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Mary Queen of Scots
Mary Queen of Scots

Ode to Francis

Mary’s first husband, the young French King Francis II died suddenly of an ear infection aged only sixteen. Mary, a year older than him, wrote the following poem in a state of great dejection, having lost the only pure love that she would ever encounter.

In my sad, quiet song,
A melancholy air,
I shall look deep and long
At loss beyond compare,
And with bitter tears,
I’ll pass my best years.
Have the harsh fates ere now
Let such a grief be felt,
Has a more cruel blow
Been by Dame Fortune dealt
Than, O my heart and my eyes!
I see where his bier lies?
In my springtime’s gladness
And flower of my young heart,
I feel the deepest sadness
Of the most grievous hurt.
Nothing now my heart can fire
But regret and desire.
He who was my dearest
Already is my plight.
The day that shone the clearest
For me is darkest night.
There is nothing now so fine
That I need make it mine.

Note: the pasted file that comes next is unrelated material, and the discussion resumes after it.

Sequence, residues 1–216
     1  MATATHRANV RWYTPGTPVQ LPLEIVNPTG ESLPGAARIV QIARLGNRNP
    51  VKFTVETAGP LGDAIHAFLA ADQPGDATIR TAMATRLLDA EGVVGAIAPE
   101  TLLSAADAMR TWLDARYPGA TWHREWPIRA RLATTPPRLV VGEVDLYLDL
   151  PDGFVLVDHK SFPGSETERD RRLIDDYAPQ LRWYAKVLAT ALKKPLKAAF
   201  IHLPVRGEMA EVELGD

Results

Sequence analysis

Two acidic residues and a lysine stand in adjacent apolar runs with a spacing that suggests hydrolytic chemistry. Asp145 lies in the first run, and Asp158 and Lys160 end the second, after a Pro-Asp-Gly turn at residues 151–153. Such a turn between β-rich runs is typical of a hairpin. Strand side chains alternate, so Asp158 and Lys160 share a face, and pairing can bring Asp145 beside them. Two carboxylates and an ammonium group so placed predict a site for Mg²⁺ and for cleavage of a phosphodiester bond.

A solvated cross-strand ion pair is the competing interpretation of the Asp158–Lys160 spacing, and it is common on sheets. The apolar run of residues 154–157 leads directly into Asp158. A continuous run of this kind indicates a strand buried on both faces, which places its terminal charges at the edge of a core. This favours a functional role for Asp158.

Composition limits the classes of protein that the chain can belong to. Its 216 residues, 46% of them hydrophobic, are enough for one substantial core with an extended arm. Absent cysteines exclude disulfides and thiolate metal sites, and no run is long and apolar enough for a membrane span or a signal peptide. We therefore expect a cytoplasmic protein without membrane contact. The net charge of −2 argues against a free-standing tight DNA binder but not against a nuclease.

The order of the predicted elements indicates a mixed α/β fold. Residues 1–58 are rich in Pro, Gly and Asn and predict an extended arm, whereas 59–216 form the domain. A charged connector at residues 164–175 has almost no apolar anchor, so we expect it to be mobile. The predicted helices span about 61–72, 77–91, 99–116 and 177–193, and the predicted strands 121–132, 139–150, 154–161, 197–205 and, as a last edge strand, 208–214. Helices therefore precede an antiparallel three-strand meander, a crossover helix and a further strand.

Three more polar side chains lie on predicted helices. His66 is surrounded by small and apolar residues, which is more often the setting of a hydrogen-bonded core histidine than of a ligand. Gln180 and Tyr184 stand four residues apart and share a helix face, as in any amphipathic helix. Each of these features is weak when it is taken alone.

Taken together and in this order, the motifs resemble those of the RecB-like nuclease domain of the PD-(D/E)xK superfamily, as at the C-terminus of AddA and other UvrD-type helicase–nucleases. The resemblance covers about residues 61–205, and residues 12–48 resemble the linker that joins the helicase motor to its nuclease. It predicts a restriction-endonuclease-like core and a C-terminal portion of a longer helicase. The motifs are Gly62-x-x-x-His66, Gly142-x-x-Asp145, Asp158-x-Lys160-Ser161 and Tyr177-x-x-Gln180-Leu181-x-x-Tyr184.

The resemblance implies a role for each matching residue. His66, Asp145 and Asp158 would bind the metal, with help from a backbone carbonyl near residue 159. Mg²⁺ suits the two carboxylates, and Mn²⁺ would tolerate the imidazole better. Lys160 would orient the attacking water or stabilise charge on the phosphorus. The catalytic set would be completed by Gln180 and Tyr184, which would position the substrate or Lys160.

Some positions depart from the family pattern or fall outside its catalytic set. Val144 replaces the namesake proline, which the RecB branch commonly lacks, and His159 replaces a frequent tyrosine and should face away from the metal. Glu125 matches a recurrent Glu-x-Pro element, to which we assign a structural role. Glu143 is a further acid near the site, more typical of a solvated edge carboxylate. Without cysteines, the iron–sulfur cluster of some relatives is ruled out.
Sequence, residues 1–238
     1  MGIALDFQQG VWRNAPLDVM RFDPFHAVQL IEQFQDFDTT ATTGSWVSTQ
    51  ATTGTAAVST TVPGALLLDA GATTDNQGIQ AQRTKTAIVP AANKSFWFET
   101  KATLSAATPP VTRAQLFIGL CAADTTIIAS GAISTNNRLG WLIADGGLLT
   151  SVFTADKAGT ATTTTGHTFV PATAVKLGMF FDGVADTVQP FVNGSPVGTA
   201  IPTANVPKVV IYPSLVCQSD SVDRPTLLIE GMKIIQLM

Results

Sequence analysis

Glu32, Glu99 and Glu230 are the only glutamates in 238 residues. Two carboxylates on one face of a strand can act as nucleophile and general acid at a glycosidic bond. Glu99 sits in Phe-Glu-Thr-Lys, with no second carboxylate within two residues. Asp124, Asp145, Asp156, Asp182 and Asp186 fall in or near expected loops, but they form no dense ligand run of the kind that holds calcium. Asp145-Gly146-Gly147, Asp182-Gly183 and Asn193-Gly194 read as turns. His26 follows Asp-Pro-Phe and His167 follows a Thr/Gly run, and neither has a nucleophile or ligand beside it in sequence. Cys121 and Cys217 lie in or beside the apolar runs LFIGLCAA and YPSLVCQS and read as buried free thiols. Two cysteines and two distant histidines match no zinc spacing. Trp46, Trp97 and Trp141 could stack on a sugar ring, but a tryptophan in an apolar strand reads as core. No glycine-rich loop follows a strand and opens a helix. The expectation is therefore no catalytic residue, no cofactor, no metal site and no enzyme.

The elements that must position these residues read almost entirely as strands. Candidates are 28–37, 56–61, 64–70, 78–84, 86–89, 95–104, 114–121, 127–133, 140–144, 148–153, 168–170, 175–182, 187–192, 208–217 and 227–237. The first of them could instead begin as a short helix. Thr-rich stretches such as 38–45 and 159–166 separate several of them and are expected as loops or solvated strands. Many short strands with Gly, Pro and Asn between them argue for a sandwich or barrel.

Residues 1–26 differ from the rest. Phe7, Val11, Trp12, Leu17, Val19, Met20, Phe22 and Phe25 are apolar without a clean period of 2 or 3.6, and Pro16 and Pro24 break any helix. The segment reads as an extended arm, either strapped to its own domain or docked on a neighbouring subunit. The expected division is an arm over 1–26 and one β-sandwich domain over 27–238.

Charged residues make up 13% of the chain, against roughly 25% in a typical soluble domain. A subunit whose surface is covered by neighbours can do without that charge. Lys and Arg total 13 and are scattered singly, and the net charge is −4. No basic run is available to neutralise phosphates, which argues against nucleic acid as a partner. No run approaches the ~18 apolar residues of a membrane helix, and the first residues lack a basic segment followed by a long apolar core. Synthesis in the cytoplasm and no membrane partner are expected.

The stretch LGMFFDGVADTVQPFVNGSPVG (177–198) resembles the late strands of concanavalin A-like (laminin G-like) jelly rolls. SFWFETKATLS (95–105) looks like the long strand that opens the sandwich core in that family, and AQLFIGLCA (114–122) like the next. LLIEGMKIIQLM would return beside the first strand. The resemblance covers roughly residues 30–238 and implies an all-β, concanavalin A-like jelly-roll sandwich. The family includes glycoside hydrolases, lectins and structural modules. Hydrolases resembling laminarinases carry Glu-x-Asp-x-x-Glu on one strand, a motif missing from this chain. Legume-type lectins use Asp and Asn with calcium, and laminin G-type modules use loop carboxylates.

Deep in my eyes and heart
A portrait has its place
Which shows the world my hurt
In the pallor of my face,
Pale as when violets fade,
True love’s becoming a shade
In my unwonted pain
I can no more be still,
Rising time and again
To drive away my ill.
All things good and bad
Have lost the taste they had.
And thus I always stay
Whether in wood or meadow,
Whether at dawn of day
Or at the evening shadow.
My heart feels ceaselessly
Grief for his loss to me.
Sometimes in such a place
His image comes to me.
The sweet smile on his face
Up in a cloud I see.
Then sudden in the mere
I see his funeral bier.
When I lie quietly
Sleeping upon my couch,
I hear him speak to me
And I can feel his touch.
In my duties each day
He is near me always.
Nothing seems fine to me
Unless he is therein.
My heart will not agree
Unless he is within
I lack all perfection
In my cruel dejection.
I shall cease my song now,
My sad lament shall end
Whose burden aye shall show
True love can not pretend
And though we are apart,
Grows no less in my heart

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